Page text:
“Amour” — a film review by Gary Chew
Austrian director Michael Haneke’s worthy film, “Amour,” to use a terse description, defines love – the kind that is real love, totally committed and long suffering.
Georges and Anne Laurent (Jean-Louis Trintignant and Emmanuelle Riva) are retired teachers of consummate pianists. Both are in their 80s. Their retirement looks comfortable in their comfortable, spacious Paris apartment.
After we get to know the married couple, Anne suffers a stroke which, even with subsequent surgery, nudges the gentle and gracious woman toward her demise. What happens between the moment when Anne is first struck by the malady and her death is where the film stays, following a brief but blustery opening sequence.
It’s not a pleasant stretch to watch – these latter days of the lives of two music aesthetes – but the resilience of a relationship is what the movie is about. Nothing challenges a close association more than infirmity and, eventually, dementia. I imagine another way to define Haneke’s “Amour” is that it is a moving and intimate dissertation on the proof of Georges’ love for Anne.
Their daughter Eva, Isabelle Huppert, is the only other significant character in the cast. Huppert also starred in Haneke’s 2001 film, “The Piano Teacher,” which has some semblance to “Amour,” as it also painfully and uncompromisingly focuses on a music-loving man and woman who are classical pianists and declare to each other, “Je t’aime,” in describing their warped sense of emotions too often mistaken for love.
A real concert pianist makes his film debut in “Amour.” Alexandre Tharaud is cast as the Laurents’ now successful pupil who jets the globe giving praiseworthy performances everywhere he goes. He makes a brief and surprise visit to the Laurents’ when he suspects something with the couple might be amiss.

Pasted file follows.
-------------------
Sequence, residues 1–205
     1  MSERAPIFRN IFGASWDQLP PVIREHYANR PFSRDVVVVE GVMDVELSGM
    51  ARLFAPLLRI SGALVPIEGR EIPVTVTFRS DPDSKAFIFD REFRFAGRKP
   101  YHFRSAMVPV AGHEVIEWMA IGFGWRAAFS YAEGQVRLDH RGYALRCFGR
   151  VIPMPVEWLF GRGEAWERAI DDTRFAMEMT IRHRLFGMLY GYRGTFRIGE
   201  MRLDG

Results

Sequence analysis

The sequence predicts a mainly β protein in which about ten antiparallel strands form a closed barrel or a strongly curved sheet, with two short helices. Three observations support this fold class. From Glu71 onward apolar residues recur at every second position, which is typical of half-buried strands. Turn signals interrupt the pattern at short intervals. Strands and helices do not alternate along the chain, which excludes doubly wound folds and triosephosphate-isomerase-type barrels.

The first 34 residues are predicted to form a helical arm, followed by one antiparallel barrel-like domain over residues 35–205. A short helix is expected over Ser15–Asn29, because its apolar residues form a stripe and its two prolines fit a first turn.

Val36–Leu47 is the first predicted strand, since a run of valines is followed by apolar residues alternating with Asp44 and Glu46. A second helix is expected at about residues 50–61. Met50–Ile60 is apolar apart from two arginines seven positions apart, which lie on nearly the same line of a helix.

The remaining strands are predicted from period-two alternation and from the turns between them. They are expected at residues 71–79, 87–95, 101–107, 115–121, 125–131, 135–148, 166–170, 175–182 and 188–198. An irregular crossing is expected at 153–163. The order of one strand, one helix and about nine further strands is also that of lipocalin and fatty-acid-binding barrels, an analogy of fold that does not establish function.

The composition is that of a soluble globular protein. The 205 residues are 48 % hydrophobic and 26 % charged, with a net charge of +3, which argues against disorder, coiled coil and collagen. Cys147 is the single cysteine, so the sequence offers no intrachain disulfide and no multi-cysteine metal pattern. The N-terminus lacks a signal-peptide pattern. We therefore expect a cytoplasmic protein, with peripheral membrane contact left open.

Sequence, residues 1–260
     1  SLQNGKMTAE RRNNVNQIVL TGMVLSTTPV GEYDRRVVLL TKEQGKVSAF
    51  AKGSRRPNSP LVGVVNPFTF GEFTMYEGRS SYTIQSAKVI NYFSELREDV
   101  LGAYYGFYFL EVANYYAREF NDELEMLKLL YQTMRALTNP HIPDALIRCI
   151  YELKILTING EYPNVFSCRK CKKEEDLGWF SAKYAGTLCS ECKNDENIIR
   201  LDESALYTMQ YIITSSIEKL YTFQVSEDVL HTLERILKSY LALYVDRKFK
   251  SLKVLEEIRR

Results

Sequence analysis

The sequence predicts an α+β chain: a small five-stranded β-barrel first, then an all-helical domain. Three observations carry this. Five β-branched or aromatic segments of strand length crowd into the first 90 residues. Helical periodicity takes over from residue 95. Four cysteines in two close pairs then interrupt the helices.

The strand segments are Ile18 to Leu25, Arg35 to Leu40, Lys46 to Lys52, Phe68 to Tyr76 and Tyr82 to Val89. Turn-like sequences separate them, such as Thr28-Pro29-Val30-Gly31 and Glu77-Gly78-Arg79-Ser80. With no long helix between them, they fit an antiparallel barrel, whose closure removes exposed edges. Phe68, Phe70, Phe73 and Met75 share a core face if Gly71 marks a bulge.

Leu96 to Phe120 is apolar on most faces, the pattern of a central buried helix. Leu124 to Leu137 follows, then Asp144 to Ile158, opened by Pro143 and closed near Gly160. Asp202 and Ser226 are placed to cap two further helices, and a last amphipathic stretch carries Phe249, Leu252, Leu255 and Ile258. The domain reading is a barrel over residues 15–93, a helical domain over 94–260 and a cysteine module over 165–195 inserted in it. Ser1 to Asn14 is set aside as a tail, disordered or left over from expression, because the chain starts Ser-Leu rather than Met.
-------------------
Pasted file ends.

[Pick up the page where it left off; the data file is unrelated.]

Tharaud also plays the keyboard music heard on the soundtrack, mostly by Schubert, Beethoven and a Busoni transcription of a Bach piece. “Georges” and “Anne” are also shown briefly at “their” piano playing fine music.
The film is sparse and deliberately paced, as I’ve found Haneke to be. He uses no music or sound under opening or closing credits. Moreover, his scenes are usually very long takes with few cuts; then when the dialogue stops, the scene continues for many more seconds with the actor in thought and almost motionless. Curiously, Haneke kept my attention with this interesting technique. Anyone who only appreciates the pace of 007 movies might want to take in “Stand Up Guys” playing just up the Tower Theatre hallway.
Georges has a strange dream about midway through the film that comes as a surprise as being one. It sets up an opening for a later dash of magic realism, which comes at the end of this Oscar-bound film replete with flawless acting.
Being an old Trintignant fan myself, I was pleased to see, when Anne (in the film) is thumbing through old photographs of the Laurents,’ that a photo of a young Trintignant appears. In the snapshot, the actor looks as if he has just finished shooting a scene embracing Anouk Aimée while Claude Lelouch’s camera does a 360 of the pair for “A Man and A Woman.” Ah yes, that was 1966.
Speaking of vintage, Trintignant and Riva look like fine wine up there on the big screen these days. Bravo!
Footnote: If you haven’t checked out the all-new digital sight and sound at Sacramento’s Tower Theatre, “Amour” would be a good film to audition all that new-fangled stuff at Land Park at Broadway.